This photo below was taken on the island of St Agnes. The plants here thrive in a mild almost semi tropical climate. It would be wonderful to visit these islands in May or June to experience the flora at its best. The succulent below seems enormous compared with the ones that grow back at home on the mainland.Here is a heavily cropped photo of a juvenile Rose coloured Starling on St Agnes. This bird is an annual vagrant to Britain from eastern Europe and beyond. It is a much more sandy coloured bird than our juvenile European starling with a striking yellow bill. In flight it was a very obvious bird. I think the shrub it is hiding in here is a type of Pittesporum, but please feel free anyone to correct me on that.Another bird on St Agnes was this Northern Wheatear posing nicely on a rock on the Wingletang area of the island.Again, a heavily cropped photo of this beautiful bird.The boat trip back from St Agnes was reasonably bumpy, but I did manage to stand up briefly and take this photo of a fishing Northern Gannet. Like the Oystercatcher, another bird that is ubiquitous to the beaches on these islands is the Ruddy Turnstone. I spent an hour on Thomas Porth beach on St Mary's trying to get close enough for some shots of these characterful birds.They're always on the move, turning over stones and seaweed looking for tasty morsels.
Also on Thomas Porth beach I was entertained by this White Wagtail flycatching.I'm not sure it was as successful as the Stonechat in my previous post!And so, as must always happen, my last day on the Scillies came around. It was a beautiful sunny blue sky day and the helicopter waited to whisk us back to the mainland and reality.I managed to get a good window seat right at the front and so got a look at all the mind numbing array of controls needed to fly this thing! Our lady pilot gave us a great trip.We had a pleasant surprise when we got on the helicopter. We were told that we would be taking a small detour to the island of Tresco to pick up some passengers from there. Here we are approaching Tresco to make the landing.Here you can see the Abbey pool on Tresco where earlier in the week I tried to photograph a Long-billed Dowitcher. I wish I'd had time to spend on some of those soft sandy beaches!Having picked up our passengers, we set off away from the islands, heading for Cornwall. The views of the islands from the helicopter were a real treat. I think this was the uninhabited island of St Helens or Tean, I'm not sure which.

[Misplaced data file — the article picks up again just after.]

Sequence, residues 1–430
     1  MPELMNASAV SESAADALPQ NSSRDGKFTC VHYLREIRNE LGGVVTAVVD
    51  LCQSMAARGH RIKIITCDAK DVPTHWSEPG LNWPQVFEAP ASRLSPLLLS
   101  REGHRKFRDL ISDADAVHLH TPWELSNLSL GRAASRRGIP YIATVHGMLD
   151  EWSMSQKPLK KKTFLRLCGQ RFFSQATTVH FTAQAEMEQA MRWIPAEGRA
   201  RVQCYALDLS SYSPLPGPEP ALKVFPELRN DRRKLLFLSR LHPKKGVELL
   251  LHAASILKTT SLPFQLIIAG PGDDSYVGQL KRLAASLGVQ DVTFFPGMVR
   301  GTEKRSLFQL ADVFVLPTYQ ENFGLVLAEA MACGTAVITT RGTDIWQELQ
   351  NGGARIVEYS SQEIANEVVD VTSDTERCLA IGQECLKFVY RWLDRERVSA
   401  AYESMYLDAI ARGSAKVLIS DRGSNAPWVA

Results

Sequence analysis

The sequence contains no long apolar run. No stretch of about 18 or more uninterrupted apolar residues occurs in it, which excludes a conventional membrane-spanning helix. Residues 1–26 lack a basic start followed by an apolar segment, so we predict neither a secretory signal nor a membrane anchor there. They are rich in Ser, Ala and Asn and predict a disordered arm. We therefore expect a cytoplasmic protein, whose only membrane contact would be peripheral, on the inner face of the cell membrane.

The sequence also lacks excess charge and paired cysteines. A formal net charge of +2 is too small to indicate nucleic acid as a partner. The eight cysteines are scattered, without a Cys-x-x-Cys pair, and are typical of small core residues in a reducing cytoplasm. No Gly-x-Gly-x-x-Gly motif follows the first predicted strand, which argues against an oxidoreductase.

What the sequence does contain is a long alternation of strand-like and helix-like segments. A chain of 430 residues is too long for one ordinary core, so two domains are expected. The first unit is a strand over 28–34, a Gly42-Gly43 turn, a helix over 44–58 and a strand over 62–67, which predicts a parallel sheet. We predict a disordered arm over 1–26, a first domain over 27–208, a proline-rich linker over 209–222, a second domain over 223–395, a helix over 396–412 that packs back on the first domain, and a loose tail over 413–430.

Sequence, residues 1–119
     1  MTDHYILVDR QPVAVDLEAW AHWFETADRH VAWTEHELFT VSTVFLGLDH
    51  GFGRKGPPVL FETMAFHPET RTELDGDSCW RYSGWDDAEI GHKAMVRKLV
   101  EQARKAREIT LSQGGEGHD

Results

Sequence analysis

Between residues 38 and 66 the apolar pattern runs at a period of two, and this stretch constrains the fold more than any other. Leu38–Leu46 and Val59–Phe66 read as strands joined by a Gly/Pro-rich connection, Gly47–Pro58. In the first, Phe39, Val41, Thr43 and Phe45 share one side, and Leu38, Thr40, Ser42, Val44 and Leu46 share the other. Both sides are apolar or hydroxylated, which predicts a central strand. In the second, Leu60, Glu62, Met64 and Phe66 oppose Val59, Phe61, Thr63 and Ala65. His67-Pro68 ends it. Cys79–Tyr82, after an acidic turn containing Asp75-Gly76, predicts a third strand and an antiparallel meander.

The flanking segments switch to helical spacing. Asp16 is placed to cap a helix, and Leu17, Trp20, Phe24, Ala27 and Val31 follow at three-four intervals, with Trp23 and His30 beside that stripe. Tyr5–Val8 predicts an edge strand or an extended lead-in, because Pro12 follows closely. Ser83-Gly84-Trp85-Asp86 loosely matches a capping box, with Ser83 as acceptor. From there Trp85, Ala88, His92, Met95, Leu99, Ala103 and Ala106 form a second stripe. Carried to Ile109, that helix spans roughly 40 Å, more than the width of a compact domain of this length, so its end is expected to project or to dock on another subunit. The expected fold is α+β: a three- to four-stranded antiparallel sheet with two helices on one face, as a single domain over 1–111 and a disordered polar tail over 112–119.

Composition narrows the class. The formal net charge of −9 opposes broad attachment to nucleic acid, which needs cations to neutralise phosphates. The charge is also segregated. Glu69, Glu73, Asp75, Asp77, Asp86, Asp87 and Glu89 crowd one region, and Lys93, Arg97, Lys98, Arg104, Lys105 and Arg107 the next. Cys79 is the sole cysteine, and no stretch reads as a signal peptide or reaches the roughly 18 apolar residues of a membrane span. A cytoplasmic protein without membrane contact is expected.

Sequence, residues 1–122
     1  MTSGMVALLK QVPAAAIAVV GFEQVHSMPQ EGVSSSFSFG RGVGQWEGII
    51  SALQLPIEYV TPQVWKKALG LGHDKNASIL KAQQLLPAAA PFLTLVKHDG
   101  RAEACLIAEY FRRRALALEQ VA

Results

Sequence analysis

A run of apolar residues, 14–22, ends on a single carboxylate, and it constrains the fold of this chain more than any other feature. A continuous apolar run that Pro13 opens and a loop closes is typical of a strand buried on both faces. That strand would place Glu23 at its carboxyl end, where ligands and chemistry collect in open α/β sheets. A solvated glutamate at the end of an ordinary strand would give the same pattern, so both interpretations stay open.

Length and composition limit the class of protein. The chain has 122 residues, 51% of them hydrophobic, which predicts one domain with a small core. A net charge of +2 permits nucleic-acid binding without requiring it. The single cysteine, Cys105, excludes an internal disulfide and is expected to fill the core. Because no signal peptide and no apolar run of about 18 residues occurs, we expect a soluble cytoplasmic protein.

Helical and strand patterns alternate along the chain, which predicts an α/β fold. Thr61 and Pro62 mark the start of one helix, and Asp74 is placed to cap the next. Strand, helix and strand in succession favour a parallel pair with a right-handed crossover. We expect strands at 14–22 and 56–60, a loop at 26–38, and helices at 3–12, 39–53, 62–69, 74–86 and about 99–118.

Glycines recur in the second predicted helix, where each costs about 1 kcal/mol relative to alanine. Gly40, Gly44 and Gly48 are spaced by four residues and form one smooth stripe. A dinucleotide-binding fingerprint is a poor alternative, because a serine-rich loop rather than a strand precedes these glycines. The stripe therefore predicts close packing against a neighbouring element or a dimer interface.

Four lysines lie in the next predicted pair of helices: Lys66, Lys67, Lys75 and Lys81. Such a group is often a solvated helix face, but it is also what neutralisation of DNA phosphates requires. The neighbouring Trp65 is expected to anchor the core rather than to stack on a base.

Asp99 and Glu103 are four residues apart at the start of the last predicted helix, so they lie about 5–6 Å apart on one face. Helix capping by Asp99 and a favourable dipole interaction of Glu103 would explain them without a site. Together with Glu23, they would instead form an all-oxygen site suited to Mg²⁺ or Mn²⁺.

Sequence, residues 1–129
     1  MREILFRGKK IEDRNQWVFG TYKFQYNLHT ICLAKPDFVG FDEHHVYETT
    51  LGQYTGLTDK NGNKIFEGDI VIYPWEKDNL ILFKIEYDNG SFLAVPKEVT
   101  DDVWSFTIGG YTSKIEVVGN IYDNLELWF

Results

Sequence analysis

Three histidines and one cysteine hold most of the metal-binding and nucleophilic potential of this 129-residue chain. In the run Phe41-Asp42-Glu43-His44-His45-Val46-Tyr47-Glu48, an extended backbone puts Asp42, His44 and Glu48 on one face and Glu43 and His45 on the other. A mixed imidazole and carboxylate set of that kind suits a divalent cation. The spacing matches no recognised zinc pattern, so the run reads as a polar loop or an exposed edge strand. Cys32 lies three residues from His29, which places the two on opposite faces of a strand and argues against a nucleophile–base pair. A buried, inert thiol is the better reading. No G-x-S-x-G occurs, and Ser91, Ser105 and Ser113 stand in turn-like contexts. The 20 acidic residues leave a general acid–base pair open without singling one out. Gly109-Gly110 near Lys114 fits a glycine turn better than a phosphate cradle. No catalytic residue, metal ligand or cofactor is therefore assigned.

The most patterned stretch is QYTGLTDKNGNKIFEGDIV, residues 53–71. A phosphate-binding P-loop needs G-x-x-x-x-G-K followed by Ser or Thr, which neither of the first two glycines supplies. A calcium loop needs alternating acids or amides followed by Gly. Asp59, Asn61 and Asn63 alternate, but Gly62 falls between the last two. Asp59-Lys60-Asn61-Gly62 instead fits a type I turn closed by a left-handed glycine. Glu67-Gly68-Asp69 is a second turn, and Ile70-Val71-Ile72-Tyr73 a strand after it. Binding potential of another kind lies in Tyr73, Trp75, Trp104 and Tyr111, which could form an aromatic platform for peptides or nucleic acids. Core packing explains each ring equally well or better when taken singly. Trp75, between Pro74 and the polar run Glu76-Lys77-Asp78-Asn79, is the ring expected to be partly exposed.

The last island I saw from the helicopter was St Martins. I didn't get to visit it on this occasion, but will hope to maybe on my next trip over.After about a 10 to 15 minute flight we were approaching Lands End on the tip of Cornwall. The cliffs in the late afternoon sunshine were lovely. I should say that the window on the helicopter was filthy otherwise all these photos might have come out a bit clearer.Passing over Lands End.A Cornish village with the church at its centre.Our destination, the Cornish town of Penzance.The harbour at Penzance from where the Scillonian ship sails. My helicopter lands a little to the right of this picture a short way out of town.Well, thank you all for coming along with me on my first proper holiday for three years! I had an amazing time and I've really enjoyed sharing it with you all. I hope this has encouraged some of you to visit these amazing islands.